When it comes to creating non-licensed vehicles, Imai describes it as a ‘different mindset’. This involves not just imagining individual vehicles but includes an entire world in which the cars operate, with different roles assigned to different vehicles. Imai told evo that "the team will always design vehicles as if they’re real cars, though, with space for drivers and powertrains, however fantastical the overall shape". Take, for example, the full-scale, functioning replica of the famous Twin Mill that the company built for the SEMA show in 2001.
Imai explains that the diecast cars are designed to function, for instance, on the bright orange track that Hot Wheels is also famous for. The size of this track has led to fairly consistent requirements from the 1:64-scale models and has lead to standardised wheel sizes and enough ground clearance for the cars to negotiate a loop at high speed.
Modern production techniques allow designs to become "more true-to-life and more complex", says Imai, they’ve "been able to implement some of the techniques discovered by the company’s huge customising fan base to improve castings".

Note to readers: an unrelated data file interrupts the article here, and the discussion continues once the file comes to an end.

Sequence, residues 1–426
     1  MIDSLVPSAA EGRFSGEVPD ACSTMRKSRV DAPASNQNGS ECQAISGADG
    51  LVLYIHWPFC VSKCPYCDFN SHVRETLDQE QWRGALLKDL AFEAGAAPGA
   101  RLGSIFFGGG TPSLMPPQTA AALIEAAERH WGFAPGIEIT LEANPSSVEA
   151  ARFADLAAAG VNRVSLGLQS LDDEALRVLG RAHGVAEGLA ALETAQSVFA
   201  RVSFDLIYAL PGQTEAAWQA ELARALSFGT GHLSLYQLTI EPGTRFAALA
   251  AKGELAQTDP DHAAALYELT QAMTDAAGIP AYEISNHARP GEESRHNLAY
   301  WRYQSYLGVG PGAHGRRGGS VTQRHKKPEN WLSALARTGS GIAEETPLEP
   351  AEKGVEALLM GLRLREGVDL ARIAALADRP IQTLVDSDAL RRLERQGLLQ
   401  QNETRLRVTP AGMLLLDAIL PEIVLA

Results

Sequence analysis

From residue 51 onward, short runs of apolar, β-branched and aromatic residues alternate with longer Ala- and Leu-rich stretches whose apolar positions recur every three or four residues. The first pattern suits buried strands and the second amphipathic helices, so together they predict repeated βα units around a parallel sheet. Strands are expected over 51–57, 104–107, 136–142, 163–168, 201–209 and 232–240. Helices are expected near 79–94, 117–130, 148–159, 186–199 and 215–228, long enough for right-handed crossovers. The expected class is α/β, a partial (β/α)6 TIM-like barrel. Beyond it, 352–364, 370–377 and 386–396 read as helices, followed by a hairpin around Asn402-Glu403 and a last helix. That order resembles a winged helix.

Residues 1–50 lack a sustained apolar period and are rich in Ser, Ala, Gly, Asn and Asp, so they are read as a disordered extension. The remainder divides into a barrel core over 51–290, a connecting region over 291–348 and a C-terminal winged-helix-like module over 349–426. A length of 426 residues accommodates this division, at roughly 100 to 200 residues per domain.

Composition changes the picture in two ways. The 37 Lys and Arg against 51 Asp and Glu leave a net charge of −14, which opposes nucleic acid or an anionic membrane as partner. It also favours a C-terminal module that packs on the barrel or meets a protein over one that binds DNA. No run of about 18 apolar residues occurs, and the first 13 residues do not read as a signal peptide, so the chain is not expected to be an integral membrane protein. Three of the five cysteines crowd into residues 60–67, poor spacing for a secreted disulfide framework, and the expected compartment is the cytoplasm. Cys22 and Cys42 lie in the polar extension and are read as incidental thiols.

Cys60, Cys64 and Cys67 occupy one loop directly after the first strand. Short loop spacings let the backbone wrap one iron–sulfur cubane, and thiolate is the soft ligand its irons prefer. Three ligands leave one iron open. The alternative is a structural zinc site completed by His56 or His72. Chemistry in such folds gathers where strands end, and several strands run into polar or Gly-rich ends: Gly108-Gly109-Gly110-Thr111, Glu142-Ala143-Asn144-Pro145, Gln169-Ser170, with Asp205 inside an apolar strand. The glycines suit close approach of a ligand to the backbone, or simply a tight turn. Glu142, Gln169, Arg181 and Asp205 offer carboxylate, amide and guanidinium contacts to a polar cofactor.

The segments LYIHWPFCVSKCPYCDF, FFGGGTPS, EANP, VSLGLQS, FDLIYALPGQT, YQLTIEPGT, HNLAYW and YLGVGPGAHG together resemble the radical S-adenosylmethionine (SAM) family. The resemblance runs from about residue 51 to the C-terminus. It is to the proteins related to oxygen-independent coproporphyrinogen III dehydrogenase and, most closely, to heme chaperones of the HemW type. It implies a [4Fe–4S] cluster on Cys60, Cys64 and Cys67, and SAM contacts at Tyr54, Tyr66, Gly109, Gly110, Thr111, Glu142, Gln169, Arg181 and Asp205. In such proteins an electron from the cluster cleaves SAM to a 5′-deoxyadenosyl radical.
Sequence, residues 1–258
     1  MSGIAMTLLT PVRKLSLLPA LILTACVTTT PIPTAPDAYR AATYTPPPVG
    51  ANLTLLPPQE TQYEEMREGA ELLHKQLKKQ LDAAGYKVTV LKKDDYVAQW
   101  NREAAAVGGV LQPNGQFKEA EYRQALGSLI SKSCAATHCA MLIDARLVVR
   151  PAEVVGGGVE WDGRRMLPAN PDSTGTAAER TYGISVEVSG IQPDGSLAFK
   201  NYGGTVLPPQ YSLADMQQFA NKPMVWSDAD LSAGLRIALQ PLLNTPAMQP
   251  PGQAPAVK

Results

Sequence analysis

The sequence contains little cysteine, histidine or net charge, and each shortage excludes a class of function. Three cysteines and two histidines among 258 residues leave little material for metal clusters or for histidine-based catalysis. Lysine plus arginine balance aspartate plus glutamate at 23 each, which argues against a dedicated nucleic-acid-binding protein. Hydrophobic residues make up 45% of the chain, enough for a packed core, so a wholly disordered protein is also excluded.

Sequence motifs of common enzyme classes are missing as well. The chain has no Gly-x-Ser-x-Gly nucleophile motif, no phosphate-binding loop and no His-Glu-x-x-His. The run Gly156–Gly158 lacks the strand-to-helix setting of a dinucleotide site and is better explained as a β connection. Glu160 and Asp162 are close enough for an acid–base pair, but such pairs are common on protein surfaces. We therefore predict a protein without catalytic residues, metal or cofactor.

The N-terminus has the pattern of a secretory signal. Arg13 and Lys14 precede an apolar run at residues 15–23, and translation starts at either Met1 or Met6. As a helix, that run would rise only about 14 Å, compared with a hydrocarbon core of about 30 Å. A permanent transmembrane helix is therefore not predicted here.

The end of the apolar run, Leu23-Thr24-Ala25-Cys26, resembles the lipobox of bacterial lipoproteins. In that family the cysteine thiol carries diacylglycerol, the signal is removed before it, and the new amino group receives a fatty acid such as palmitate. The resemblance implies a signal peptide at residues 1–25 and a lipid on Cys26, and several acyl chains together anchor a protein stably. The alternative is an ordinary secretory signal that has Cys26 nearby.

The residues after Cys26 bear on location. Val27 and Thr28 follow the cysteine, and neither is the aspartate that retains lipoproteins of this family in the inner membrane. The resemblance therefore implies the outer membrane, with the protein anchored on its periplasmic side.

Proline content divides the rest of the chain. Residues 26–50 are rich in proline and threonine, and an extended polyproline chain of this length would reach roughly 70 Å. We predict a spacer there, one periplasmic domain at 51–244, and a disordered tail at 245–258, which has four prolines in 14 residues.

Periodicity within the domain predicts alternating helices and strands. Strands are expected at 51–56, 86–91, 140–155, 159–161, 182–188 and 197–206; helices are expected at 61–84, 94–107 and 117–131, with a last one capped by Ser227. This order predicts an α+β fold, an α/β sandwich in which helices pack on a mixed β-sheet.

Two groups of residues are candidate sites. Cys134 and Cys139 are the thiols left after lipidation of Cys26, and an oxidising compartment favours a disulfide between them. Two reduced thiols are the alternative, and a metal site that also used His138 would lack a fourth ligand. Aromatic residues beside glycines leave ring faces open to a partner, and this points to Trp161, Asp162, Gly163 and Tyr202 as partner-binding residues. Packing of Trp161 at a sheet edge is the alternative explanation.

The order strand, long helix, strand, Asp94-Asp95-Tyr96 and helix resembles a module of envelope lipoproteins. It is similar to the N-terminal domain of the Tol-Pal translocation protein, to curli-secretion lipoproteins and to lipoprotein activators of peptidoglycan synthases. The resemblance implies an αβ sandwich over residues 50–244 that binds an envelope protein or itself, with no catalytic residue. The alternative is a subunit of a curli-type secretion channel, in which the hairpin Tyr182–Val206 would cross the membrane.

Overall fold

As the company moves forward, those castings will evolve in response to new developments too in the same way that we reminisce over the manufacturing process of the era of early cars like the Deora, Whip Creamer and Twin Mill.
Imai goes on to say that electric car market is what is interesting to him now. Especially the way it’s "allowing smaller car makers to make a bigger impact in the market", how that affects materials technology and, ultimately, car and toy design. "I’m keen to do more in terms of motorsports, too," he says. "Formula E, in particular, is super exciting – the thrill and the speed of motorsport, but a consideration for environmental concerns, too."
We share his sentiments when Imai says, "I’d love to bring back some of the older cars. They’re still an inspiration for us. Perhaps replicating some of our Original Sweet 16, but produced with the technology we’re now able to incorporate."
Salute, Hot Wheels, for bringing half a decade of joy to the world. Here's to the next fifty and to another few generations of petrolhead pleasure.
Check out the video below for a brief evolution of Hot Wheels, or click here if you have three hours to watch the official YouTube channel of their very own 50th birthday celebration.